RiteStream is for content owners with unsold rights to optimally monetize their content via direct streaming to a global viewership base. The smart contracts seamlessly manage viewers, rights availability and revenue sharing in the backend. For example, an OTT player, like iFlix, may purchase rights to showcase a piece of content in only 30 countries, with RiteStream that same piece of content can potentially be monetized in the remaining 163 countries by direct streaming, if viewers are interested in that content. View RiteStream like the “Spotify” of TV, Movies and Sports content.
For esoteric sports like, Extreme Sailing – they have ardent fans globally but such a sport is very niche and unlikely to garner support from mainstream broadcasters. With RiteFund, fans of Extreme Sailing can directly support creative talent who are also passionate about their sport and who are creating great content about it. These same creative talents can now monetize their content by streaming it directly to the Extreme Sailing fans globally via RiteStream.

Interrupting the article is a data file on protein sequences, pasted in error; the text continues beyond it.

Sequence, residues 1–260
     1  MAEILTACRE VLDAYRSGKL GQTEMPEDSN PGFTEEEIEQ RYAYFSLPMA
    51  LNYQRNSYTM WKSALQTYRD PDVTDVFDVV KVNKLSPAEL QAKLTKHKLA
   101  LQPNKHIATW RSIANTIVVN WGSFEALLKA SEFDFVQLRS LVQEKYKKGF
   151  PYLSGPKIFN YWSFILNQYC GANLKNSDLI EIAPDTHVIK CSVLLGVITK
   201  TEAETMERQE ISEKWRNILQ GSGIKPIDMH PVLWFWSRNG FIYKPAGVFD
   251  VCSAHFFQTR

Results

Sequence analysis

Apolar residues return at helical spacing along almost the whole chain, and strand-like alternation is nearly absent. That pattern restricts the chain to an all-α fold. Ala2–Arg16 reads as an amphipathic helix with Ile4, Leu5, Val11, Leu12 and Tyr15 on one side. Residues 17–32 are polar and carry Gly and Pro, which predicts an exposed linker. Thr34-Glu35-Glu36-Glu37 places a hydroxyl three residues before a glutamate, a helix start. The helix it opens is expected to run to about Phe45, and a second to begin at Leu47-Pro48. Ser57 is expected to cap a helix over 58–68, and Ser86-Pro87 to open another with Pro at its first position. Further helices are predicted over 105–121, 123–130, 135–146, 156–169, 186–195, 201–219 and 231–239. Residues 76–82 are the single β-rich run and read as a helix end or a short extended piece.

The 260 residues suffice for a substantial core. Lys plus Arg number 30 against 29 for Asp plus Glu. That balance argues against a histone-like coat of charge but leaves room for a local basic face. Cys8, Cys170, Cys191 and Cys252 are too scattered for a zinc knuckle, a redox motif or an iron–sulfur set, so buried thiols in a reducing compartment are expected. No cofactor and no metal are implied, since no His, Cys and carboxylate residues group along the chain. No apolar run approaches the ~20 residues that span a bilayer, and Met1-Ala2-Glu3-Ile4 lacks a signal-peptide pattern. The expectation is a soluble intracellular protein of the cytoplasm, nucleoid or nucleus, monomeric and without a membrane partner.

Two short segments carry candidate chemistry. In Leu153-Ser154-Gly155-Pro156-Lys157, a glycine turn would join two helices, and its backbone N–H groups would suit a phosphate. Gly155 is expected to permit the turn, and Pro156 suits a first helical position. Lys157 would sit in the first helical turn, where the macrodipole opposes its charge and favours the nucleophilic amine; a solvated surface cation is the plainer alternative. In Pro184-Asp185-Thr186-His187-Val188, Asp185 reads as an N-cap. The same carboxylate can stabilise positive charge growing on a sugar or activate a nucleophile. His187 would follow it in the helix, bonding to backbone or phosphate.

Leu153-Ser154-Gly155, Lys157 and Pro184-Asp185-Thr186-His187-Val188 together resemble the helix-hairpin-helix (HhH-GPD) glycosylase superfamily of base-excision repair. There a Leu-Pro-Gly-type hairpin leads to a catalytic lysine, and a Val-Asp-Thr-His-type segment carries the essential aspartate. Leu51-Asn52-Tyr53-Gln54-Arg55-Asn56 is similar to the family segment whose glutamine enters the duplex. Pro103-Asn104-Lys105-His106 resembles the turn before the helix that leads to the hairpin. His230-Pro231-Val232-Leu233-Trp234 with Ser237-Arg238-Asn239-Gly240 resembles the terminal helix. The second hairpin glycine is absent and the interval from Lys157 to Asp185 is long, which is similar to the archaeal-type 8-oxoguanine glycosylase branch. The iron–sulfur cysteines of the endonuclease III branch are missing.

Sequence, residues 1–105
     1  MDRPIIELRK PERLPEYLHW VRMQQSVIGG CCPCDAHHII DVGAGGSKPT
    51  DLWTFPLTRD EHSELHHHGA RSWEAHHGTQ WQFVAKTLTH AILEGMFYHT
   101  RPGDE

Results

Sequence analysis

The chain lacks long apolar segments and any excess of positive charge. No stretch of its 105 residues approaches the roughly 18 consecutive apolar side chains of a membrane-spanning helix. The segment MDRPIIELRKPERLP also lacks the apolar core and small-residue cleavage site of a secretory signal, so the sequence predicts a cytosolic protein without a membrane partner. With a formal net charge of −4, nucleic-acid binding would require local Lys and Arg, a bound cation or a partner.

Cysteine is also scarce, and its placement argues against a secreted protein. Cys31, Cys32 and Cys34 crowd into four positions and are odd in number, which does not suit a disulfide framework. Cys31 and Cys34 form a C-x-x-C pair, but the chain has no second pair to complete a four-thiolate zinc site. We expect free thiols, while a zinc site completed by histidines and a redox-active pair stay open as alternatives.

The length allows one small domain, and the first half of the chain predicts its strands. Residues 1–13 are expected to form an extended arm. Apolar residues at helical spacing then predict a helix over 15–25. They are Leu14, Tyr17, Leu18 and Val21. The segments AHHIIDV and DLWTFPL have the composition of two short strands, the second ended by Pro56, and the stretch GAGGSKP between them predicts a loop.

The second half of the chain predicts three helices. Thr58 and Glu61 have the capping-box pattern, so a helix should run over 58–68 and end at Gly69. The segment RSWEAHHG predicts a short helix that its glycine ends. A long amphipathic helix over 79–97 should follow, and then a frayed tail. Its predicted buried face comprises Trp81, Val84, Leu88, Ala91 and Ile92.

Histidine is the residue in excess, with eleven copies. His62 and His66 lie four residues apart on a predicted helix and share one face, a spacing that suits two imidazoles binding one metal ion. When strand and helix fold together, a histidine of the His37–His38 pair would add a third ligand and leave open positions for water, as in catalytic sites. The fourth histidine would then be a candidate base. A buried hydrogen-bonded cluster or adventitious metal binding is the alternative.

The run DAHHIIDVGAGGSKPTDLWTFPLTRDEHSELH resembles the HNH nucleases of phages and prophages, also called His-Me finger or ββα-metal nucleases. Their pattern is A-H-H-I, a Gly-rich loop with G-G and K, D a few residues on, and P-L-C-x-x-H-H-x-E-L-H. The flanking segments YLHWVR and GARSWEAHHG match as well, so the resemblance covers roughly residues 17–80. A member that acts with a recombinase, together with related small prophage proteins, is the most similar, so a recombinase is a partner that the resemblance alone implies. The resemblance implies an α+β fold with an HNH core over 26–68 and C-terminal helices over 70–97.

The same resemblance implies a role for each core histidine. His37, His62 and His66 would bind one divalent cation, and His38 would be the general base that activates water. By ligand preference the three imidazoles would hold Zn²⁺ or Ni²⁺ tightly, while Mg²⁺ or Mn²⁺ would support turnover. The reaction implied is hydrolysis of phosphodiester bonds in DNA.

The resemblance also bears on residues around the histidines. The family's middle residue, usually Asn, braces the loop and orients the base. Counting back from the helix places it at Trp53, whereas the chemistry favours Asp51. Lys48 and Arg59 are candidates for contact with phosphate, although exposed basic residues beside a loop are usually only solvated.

Blockchain Technology Deployed
The team at AllRites believe that if the content itself can be reliably audited, the management of its rights becomes a much simpler exercise. Thanks to the Ethereum Blockchain, each ID can be a smart contract that manages the identity and purchase history of the rights belonging to one piece of content at an individual level. Thus, the rights can be sliced and diced in multiple ways and the buyers can buy only those rights which they need. The smart contract tied to each content piece records the transaction history of that content piece individually in a transparent and immutable manner.